The City of Edinburgh Council has released a series of information giving information hoping to make your bin collections as easy as possible this festive period.
Since the approval of a Waste and Cleansing Improvement plan in November 2016, enquiries about communal, kerbside and trade waste have seen a downward trend, with half the number of complaints in the first three weeks of December compared to the same period in 2015.
Now, minimal changes to collections over Christmas and New Year will also help residents dispose of waste responsibly. For anyone whose recycling or landfill bins are collected on a Monday, collections will take place on the previous Saturday over the two weeks. This means collections will take place on Saturday, 23 December rather than Monday, 25 December and Saturday, 30 December rather than Monday, 1 January.
Otherwise, households will be able to put their grey and green wheelie bins, food waste bins and blue boxes out as usual, including on Tuesday 26 December and Tuesday 2 January. Communal bin collections will largely be unaffected.
Transport and Environment Convener, Councillor Lesley Macinnes, said:
We’ve been working hard to address issues across the service, so I’m pleased to see missed bin complaints have dropped as the year comes to an end. Now, as we’re approaching this busy time when we tend to accumulate lots more waste, we want to ensure the service runs as smoothly as possible.
Thanks to the hard work of staff over Christmas and New Year, bin collections will continue with minimal changes, meaning that it’s easy for residents to recycle wrapping paper, food tins and any other rubbish.
Last year we collected over 35,000 tonnes of waste during December and January, 42% of which was recycled. However, we know this figure should be nearer 70%, so I would encourage the public to recycle their Christmas rubbish where they can, helping to create a greener New Year for Edinburgh.
The 65-point Waste and Cleansing Improvement plan has seen a range of improvements implemented since its approval, including analysis of repeat missed bin collections and the causes, waste compliance work with local businesses and the introduction of ‘Routesmart’ software, enabling better collection routing.
As a result, street cleansing and bin complaints have fallen, with remaining actions aiming to further improve the service.
Residents across the city will be able to recycle real Christmas trees, which will be collected by the Council and turned into compost. Those with a brown bin should place their tree on the kerbside by 6am on their next garden waste collection day (collection days can be checked online).
Residents in communal areas who use on-street shared bins can put their tree on the pavement outside their property on designated collection dates during January – these can also be checked online.
Christmas trees can also be recycled at any of the Household Waste Recycling Centres. The sites will be closed 25 and 26 December and 1, 2 and 3 January.
To enable trees to be recycled, residents are reminded:
– To remove all decorations from the Christmas tree
– To remove stands from trees
– To cut the tree in half if is 6ft tall or more
– Not to place trees in plastic bags, which means they cannot be recycled
Top tips for Christmas recycling
Hopefully you’ll have Christmas cards on display throughout the season, but once it’s time for a clear-out, cards should be placed in mixed or packaging bins for those who use the communal service, and the green mixed wheelie bin for people who receive kerbside collections. Envelopes should go in mixed or paper recycling bins.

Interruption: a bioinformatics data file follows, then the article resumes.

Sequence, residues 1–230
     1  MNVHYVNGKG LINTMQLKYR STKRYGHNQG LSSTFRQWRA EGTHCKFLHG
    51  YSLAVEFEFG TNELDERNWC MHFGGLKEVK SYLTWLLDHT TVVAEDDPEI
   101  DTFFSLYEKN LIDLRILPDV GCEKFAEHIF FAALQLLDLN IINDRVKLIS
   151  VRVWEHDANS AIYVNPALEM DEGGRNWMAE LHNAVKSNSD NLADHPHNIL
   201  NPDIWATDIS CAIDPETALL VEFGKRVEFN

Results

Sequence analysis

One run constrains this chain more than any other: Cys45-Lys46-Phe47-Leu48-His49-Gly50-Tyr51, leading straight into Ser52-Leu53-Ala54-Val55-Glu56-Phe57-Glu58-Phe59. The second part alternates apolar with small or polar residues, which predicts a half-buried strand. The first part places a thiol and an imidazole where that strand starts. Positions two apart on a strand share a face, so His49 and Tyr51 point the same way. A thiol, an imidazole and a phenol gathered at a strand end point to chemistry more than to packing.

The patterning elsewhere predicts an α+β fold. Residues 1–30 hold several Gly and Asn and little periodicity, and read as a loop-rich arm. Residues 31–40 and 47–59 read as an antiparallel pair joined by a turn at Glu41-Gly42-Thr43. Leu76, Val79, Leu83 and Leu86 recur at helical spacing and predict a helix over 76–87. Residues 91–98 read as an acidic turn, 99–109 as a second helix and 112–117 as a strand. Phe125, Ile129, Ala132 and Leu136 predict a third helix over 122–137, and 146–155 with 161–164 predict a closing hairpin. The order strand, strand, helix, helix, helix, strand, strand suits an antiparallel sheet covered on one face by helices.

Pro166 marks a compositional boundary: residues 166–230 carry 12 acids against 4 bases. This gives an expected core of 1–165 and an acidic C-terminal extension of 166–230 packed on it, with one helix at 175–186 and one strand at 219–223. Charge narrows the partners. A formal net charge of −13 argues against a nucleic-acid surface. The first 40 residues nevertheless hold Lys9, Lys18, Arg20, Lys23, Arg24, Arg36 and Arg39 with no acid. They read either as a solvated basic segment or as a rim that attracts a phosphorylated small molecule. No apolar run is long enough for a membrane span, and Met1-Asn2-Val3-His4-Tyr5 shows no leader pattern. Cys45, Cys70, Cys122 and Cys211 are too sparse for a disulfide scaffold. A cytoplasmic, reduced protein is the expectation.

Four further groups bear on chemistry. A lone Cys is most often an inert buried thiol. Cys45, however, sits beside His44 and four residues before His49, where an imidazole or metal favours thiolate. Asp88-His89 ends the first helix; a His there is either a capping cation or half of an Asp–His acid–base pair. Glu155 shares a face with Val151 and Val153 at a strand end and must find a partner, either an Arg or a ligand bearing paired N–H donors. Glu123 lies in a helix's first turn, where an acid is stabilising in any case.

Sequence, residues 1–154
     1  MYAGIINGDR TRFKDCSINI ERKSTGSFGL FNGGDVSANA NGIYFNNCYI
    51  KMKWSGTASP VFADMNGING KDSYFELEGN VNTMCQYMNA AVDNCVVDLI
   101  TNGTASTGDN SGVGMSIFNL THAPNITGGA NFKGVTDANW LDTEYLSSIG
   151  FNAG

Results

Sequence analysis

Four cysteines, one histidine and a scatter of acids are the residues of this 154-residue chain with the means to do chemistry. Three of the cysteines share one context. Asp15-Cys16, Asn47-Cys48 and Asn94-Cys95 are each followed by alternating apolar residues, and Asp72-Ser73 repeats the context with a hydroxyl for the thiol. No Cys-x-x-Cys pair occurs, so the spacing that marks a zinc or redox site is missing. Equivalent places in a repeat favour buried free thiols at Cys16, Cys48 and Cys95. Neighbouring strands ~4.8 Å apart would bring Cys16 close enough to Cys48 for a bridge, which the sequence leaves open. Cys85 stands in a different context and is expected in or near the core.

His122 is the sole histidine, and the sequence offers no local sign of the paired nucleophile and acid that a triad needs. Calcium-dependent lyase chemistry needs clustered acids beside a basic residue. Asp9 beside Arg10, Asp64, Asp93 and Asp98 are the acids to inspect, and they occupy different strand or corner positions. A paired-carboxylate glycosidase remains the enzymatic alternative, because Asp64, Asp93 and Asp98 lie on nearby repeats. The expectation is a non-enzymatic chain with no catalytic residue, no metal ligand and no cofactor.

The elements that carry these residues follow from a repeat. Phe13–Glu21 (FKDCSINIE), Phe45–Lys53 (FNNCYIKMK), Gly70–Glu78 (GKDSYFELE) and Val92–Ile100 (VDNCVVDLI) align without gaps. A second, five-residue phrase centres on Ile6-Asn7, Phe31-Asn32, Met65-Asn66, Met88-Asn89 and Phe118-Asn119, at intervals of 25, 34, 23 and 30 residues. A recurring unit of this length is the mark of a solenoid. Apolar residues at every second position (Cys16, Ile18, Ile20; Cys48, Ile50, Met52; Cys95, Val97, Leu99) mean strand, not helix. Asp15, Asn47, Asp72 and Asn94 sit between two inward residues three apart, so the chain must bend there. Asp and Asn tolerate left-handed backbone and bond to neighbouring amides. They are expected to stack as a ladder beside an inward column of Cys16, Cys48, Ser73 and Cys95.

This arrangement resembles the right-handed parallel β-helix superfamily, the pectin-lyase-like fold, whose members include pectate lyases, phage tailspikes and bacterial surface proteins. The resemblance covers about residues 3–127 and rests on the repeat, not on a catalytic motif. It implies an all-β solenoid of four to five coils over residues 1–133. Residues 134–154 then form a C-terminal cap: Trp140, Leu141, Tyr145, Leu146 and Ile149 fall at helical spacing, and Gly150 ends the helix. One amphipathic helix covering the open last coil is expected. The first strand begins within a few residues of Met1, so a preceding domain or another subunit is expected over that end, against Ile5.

Once the toys and tech gifts are out of the box and well played-with, what to do with the packaging? Cardboard boxes can be deposited in mixed or packaging (communal residents only) bins but polystyrene is non-recyclable – dispose of this in landfill bins.
Out with the old, in with the new? They may be plastic, but discarded, once-loved toys cannot be recycled in kerbside or communal bins to make way for shiny Christmas presents. These can be taken to one of our Household Waste Recycling Centres or, if in good condition, donated to charity. For those who receive kerbside collections, small electrical items, such as hairdryers and toasters, can be placed in the blue box.
Surely if it’s ‘paper’ it should go in with the paper recycling…Not necessarily. Wrapping made with metallic film is not currently recycled. However, all paper wrapping can be disposed of in paper (communal residents only) or mixed recycling bins.
Tins and foil
Tins and foil are welcome in packaging (communal residents only) and mixed recycling bins – but must be clean. So any disposable turkey tins, foil that’s wrapped leftovers or empty cans should be thoroughly washed.
You’ve completed the Christmas shopping at last, and have the bags to prove it. But once they’ve been emptied, can they be recycled? While plastic bags are not accepted in kerbside or recycling bins, some supermarkets will recycle them – find out in your local store. Alternatively, help save the environment and avoid a 5p charge by reusing for your next shop.
The sweets have been polished off – now it’s time to get rid of the tubs they came in. Once clean, these can be placed in mixed or packaging (communal residents only) recycling bins for a tidy home and a healthy start to the New Year!
In order to minimise food waste, it’s best to buy and cook the appropriate amount of food. But even after a week of turkey sandwiches, the bones still need to go in the bin. These, along with other food waste like egg shells, fruit and vegetable peelings, tea bags and any leftover food that can’t be eaten, can be bagged in either a compostable liner, carrier bag or wrapped in newspaper and deposited in the grey food caddy by residents with kerbside collections, or on-street food recycling bins by people living in flats or tenements.
Find out more about rubbish and recycling on the Council website.